Quebec City’s largest metro area, Montreal (phonetically mon-e-hal), presents an interesting mix of culture, history, and sheekness. With its French traditions, and ultra-modern looks, this city is basically a river island on the river St. Lawrence. It was late evening on a holiday weekend, when we drove into the city and checked in to our hotel in the downtown.
There is enough to keep a tourist busy in the city, especially in the summer months (or weeks should I say!). Countless museums, a nice water front, historical landmarks, and obviously the jazz bars. Navigating the streets was not a problem for non-French speakers, as people are mostly equally eloquent with both English and French. Being the long weekend, the streets and cafes were filled with tourists. Yet the city was no way disorderly.
Here are some of the must visit places for a two day trip:
1. Notre-dame Bassilica: A city distinctly European, did live up to the expectation in terms of offering exquisite Gothic Revival artwork inside the cathedral. Interestingly enough for a cathedral, the stained glass paintings (my favorite type of artwork inside historic cathedrals), depict religious history of Montreal instead of typical biblical stories. The admission was CAD 5.00 per person, and it was closed for visitors for multiple weddings. Therefore there was a line too, but it was worth the wait for the charm and uniqueness of the building.
2. Place des Armes: Right opposite of Notre-Dame Bassilica, it is one of the few public squares in the city. Around it are some of the historic landmarks like the Bank of Montreal, and other old buildings. Plus the usual cacophony of the crowd, being centrally located in the old town, builds up a cheerful atmosphere. Sip a coffee or take a casual stroll along, or even just sit there to people watch.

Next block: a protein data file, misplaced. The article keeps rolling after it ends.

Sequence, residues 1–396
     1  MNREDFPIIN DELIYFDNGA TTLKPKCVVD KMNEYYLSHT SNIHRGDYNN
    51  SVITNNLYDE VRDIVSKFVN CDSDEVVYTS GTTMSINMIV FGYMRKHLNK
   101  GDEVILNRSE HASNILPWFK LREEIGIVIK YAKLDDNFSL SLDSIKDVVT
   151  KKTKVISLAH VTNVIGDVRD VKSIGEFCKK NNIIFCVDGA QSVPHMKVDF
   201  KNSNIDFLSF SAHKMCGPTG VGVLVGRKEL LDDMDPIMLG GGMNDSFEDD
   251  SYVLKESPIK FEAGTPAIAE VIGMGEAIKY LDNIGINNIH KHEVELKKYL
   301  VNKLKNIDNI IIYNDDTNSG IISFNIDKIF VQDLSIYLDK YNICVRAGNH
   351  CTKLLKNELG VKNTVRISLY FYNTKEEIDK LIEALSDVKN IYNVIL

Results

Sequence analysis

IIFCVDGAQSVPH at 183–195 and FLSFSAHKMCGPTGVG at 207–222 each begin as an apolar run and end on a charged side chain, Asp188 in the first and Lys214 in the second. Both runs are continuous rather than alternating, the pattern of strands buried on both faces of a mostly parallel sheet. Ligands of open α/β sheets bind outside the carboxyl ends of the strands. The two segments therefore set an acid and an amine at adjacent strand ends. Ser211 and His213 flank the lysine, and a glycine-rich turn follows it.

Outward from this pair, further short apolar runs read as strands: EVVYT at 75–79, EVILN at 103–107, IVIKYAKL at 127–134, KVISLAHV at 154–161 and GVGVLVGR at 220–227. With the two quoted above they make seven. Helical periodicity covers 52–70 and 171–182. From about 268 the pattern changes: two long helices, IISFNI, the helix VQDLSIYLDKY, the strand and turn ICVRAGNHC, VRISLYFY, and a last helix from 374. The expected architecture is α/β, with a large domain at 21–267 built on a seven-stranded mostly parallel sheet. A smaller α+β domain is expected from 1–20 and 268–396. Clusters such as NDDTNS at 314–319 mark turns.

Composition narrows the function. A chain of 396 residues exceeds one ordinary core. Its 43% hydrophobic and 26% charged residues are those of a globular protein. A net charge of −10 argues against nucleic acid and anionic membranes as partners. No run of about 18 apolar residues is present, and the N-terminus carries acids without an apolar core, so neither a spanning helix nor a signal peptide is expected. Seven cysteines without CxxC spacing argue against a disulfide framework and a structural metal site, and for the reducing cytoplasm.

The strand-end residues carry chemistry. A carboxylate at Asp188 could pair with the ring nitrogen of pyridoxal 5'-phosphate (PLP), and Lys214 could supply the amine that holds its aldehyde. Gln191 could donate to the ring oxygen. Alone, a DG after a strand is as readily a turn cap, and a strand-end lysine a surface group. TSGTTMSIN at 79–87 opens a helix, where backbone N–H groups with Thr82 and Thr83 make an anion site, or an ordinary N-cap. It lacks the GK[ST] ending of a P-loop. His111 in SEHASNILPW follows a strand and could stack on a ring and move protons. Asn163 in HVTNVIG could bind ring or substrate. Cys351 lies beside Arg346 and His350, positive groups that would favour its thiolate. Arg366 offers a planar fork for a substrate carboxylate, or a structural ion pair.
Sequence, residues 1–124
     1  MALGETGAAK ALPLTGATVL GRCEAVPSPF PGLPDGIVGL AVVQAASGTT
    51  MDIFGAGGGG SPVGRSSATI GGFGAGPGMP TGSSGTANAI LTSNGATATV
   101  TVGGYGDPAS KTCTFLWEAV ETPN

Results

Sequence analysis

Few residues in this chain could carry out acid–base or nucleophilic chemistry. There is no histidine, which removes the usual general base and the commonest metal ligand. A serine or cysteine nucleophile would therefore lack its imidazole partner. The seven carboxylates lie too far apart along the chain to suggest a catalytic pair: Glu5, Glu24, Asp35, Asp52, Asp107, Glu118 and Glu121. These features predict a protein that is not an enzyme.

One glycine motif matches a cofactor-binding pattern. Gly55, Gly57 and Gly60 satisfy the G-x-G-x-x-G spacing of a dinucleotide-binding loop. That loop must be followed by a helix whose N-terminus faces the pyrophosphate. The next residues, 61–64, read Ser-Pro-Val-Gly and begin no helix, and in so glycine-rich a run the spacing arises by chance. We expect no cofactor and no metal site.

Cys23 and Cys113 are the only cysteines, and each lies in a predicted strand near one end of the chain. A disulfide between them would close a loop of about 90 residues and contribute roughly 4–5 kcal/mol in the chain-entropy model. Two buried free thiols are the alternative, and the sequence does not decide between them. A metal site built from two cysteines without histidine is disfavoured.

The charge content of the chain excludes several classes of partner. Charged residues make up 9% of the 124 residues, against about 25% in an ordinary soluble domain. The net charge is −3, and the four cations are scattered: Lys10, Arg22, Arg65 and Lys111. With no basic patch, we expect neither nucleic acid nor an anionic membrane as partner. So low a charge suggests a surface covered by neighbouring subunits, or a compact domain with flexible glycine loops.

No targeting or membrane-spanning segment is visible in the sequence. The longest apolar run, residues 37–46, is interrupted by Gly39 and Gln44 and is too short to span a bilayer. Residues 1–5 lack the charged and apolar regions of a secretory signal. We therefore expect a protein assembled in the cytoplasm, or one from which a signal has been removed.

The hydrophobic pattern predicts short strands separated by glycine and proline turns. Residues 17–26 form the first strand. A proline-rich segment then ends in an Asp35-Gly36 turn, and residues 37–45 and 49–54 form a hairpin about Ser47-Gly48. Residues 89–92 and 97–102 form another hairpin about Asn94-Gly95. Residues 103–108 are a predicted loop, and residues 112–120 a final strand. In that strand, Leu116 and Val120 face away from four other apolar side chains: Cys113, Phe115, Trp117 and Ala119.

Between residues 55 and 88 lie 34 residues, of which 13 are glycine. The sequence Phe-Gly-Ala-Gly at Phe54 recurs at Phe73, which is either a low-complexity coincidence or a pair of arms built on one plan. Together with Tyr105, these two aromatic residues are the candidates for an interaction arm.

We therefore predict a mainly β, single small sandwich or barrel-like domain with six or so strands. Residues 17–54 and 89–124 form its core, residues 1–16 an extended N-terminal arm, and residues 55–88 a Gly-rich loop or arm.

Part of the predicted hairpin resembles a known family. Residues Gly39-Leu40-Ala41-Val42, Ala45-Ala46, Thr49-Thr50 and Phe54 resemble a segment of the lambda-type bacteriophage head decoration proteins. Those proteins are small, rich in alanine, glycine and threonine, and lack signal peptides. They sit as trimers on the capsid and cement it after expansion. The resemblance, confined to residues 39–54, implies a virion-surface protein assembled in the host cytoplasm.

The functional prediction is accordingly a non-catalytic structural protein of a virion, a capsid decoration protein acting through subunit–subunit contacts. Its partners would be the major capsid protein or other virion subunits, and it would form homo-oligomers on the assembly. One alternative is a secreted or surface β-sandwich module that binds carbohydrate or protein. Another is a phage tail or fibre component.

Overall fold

3. River front and Clock Tower: Walk east from the Place des Armes, and you will reach the water front. During a summer day, you are bound to find people in the water engaged in various water-sports, and other thrill rides. There are artificial beaches created too, which were lame to us as being a Florida resident. But I can see the necessity of having warm sandy beaches in this part of the continent. A walk along the river, while enjoying the views of this beautiful city, will take you to the historic Clock Tower. Built by Gillette and Johnson, who also built the Big Ben and other clock towers around the world, has a 160 odd step staircase to go atop. Needless to say, the wide angle view of the city from the top was mesmerizing.
4. Museum of Fine Arts: Although we skipped it to save time, as avid art enthusiast, it would have been great to spend some time in this museum to soak in the rich history of the city through art. Mostly free, but exhibitions vary from CAD 15 – CAD 20.
5. Underground City Market: Montreal has the largest underground network of market complexes and food courts etc. We had a tough time finding the entrances, but most entrances are through the Metro Rail stations. Find your nearest Metro station, and enter the amazing maze of indoor streets. Incidentally the Montreal Comicon was on when we were there. Characters from our favorite movies and novels were a treat to watch.